In the opening song of my all-time-favourite-musical-ever-ever-ever there’s a short exchange between two parents.
Did you see his school report? He got a C on his report!
We’ll have to change his school, the teacher’s clearly falling short…
The song “My mummy says I’m a miracle” brilliantly depicts insufferable parents and their (ahem) talented children. I am now joining those insufferable ranks. Forgive me while I sing the praises of my eldest daughter, Hannah.
Hannah is bright. She reads voraciously and sometimes it’s difficult to get a word in when she’s excited about something: partly because her imagination takes her off on tangents of tangents of tangents, and she struggles to remember what she started off talking about, partly because her brain evidently works faster than her mouth and she struggles to actually get the words out quick enough, partly because it’s just fun to listen to her.
But she has also been quite shy, often a perfectionist who collapses if she makes even a tiny mistake, she gets embarrassed when asked to ‘perform’ in public. She’s young in her school year (June birthday), and is quite happy in her own company, her imagination running riot, much to her own amusement…
This year (she’s 10 at the end of June) she has matured in a way that has made me very proud. Last year there was a Youth Theatre Musical performed in Tetbury. Most of the leading parts were taken by teenagers, but the chorus included Hannah and some of her classmates. She was adamant that she didn’t want a speaking part, she wanted to be in the background. It was quite a big surprise, therefore, when she announced this year that she wanted to audition for a more important part.
Smike is a musical written originally in the 1970s for the children at Kingston Grammar School, loosely based on the Charles Dickens story of Nicholas Nickleby. Hannah took the part of Smike, which certainly isn’t the largest part, but has plenty of lines, acting and three solo songs. She committed herself to rehearsals, and with seemingly only a small amount of active support from us, she was fantastic. We kept asking if she was happy with her lines, did she need to practise the songs, and she declared everything was alright. And indeed it was.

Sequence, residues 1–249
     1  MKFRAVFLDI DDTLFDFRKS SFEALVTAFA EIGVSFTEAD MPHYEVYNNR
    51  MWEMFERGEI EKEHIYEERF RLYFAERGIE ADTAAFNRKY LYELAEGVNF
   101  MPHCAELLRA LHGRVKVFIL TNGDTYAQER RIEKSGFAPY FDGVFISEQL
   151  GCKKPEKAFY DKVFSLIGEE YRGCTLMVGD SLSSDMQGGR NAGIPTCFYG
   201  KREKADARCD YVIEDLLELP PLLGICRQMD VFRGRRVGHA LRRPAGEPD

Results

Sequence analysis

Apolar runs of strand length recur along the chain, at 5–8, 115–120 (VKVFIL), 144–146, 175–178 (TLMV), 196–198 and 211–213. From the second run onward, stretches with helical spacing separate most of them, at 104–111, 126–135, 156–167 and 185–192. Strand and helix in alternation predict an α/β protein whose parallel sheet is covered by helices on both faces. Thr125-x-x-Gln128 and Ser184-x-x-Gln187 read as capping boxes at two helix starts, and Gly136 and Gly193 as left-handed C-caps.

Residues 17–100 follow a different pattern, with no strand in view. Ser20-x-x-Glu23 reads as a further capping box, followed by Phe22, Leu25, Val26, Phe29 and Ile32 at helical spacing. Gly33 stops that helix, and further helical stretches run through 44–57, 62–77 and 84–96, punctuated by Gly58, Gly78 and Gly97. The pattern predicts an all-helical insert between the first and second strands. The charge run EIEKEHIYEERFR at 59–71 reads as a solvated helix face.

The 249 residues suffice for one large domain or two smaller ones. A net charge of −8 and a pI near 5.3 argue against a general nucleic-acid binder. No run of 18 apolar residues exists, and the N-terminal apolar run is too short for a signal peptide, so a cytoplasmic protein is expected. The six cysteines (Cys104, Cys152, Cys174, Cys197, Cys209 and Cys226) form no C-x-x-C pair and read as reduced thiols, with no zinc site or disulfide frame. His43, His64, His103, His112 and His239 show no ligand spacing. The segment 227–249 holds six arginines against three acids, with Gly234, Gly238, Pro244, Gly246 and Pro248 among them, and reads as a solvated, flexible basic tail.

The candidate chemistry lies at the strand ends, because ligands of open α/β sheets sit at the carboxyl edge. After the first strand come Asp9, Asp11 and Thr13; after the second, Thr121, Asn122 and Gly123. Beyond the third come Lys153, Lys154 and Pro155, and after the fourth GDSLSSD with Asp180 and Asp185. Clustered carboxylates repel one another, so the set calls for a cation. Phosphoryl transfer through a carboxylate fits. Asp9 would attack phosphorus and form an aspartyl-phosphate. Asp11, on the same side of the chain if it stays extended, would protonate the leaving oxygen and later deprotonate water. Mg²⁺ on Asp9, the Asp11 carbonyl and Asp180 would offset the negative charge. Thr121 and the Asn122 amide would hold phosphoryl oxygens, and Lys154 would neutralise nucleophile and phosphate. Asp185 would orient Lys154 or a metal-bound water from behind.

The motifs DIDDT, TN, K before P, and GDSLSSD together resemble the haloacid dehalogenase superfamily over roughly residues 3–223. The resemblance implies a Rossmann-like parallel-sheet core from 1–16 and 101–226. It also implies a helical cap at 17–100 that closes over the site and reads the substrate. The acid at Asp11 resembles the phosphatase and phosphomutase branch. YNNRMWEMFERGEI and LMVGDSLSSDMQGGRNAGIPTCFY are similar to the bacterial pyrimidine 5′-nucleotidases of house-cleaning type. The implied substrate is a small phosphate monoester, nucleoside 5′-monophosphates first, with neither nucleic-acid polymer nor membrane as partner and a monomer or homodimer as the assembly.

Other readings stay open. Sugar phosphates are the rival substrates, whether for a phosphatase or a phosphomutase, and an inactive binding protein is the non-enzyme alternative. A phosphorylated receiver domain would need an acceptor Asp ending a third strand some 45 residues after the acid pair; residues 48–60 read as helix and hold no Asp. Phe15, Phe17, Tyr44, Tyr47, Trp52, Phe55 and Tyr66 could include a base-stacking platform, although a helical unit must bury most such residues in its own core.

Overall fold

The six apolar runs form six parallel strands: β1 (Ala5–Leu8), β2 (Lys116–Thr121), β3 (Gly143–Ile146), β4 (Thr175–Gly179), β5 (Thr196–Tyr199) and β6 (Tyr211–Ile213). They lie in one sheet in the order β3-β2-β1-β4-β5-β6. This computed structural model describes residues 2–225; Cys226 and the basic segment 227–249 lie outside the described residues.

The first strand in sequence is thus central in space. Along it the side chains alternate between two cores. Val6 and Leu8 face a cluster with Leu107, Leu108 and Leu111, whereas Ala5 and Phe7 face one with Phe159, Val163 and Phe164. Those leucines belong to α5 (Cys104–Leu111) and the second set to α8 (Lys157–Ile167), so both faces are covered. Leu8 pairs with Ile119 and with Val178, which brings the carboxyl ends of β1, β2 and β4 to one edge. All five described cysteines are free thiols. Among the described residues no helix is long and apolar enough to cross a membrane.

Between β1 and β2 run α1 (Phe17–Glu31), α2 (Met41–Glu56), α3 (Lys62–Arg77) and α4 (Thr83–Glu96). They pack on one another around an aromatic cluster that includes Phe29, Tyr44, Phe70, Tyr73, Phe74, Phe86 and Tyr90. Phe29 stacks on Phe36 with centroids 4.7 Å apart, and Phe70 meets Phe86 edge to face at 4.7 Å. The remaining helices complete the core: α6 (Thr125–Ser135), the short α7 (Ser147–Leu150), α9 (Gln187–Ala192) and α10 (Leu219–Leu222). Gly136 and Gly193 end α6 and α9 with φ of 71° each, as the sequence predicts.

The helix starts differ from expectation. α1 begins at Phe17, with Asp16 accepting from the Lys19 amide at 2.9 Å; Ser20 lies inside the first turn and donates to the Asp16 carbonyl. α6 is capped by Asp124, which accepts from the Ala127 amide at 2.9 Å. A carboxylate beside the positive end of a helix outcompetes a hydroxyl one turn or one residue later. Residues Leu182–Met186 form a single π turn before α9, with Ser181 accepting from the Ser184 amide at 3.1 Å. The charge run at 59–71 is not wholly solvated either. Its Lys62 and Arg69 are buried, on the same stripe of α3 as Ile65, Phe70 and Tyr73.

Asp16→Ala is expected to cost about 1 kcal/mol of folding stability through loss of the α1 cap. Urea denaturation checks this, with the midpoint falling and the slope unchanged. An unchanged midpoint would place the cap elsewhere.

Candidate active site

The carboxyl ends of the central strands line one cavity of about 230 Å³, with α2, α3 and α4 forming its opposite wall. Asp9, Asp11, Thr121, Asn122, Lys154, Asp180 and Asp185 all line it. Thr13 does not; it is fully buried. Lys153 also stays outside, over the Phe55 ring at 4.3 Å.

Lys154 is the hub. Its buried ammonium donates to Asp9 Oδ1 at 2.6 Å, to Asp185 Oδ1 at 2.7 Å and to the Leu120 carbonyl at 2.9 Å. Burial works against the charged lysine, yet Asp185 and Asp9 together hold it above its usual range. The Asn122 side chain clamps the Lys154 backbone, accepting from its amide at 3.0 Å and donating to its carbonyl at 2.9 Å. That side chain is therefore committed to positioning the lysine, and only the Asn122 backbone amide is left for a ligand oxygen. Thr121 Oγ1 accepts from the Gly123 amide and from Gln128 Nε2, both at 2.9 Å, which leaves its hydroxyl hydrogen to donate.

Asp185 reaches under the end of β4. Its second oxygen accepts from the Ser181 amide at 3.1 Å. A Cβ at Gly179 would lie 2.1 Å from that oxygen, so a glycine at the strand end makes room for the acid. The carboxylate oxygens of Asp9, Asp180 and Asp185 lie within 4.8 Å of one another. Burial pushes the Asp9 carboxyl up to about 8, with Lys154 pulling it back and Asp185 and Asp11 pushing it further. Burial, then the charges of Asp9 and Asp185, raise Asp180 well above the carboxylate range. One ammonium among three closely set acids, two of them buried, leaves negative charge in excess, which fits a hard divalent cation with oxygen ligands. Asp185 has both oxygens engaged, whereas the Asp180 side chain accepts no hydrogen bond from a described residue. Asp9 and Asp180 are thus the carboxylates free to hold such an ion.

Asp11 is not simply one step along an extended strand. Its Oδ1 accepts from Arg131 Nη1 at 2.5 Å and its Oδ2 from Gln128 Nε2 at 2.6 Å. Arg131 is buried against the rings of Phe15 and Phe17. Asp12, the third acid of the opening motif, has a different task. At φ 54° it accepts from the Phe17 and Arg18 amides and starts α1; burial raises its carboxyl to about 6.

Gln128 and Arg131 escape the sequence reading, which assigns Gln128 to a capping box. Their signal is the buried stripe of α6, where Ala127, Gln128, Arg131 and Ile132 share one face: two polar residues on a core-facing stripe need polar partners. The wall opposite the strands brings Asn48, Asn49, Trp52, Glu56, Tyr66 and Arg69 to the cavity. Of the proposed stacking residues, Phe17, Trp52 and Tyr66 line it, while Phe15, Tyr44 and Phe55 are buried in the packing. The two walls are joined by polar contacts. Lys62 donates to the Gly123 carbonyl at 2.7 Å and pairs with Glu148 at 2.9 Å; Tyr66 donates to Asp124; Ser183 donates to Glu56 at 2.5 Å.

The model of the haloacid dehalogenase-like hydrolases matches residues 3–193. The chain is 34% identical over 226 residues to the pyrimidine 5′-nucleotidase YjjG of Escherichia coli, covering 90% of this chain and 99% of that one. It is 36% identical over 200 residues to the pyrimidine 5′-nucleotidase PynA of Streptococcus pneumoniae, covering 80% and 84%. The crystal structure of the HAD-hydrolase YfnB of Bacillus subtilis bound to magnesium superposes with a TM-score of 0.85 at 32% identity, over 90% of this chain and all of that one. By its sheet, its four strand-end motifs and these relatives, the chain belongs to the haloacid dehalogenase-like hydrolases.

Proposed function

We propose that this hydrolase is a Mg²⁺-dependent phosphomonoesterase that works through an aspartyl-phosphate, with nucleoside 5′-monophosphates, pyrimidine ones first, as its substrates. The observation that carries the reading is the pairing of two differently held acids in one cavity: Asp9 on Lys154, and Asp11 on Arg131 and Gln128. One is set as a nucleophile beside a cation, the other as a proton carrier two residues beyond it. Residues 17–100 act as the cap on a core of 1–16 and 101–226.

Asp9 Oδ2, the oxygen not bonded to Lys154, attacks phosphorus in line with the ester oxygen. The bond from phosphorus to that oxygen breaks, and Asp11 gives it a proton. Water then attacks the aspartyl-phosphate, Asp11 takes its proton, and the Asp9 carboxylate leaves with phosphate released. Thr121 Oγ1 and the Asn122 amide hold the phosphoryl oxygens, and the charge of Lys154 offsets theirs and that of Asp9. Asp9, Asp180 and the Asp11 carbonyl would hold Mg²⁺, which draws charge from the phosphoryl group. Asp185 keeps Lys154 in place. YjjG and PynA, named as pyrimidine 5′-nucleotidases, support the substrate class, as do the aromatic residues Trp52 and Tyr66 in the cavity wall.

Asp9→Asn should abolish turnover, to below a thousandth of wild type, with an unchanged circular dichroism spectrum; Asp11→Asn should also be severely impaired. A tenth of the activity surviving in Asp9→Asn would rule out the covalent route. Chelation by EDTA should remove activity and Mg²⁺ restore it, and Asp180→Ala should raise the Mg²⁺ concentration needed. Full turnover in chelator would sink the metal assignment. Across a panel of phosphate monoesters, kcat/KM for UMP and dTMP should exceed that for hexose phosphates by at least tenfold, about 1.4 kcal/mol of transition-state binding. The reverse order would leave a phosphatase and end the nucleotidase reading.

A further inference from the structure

The part of Smike is a pretty sad one. An orphan who gets horribly beaten and abused at school, who spends most of the play alone. It wasn’t a very easy watch for me.
As is increasingly common for me, it got pretty dusty in the hall when Hannah was singing, or being beaten up, or sat huddled in a corner of the stage which suddenly seemed huge and dangerous compared to her vulnerable smallness. She wasn’t perfect by any means, but this was her first time on stage in front of nearly 100 people. Her words were clear, her acting was decent, we believed in Smike. And we all cheered her at the end.
Alongside the fairly intensive rehearsals for this show, Hannah has also been preparing for her Grade I piano exam. Again, she’s not exactly Wolfgang Amadeus, but in the last few months her confidence and commitment at playing the piano has made a step-change. It feels like she’s realised she can play her pieces well, she’s started to work out and play song tunes by ear, and she actually practises her scales. She’s just received the results from her exam, passing with a strong Merit at 127/150. When she called me at work to tell me, all I got was shrieking and whooping down the phone.
What’s more, at the local Minchinhampton Music Festival recently there was a children’s day, when kids of all ages and all abilities on any instruments could play as part of a competition. Hannah actively wanted to play, despite having been reluctant to even play in front of me just a few months ago. Again in front of more than 50 people she played her pieces and did it pretty well.
My little girl is growing up. It is my privilege to be able to watch and guide her, and bask in her reflected glory as she does. She is a miracle.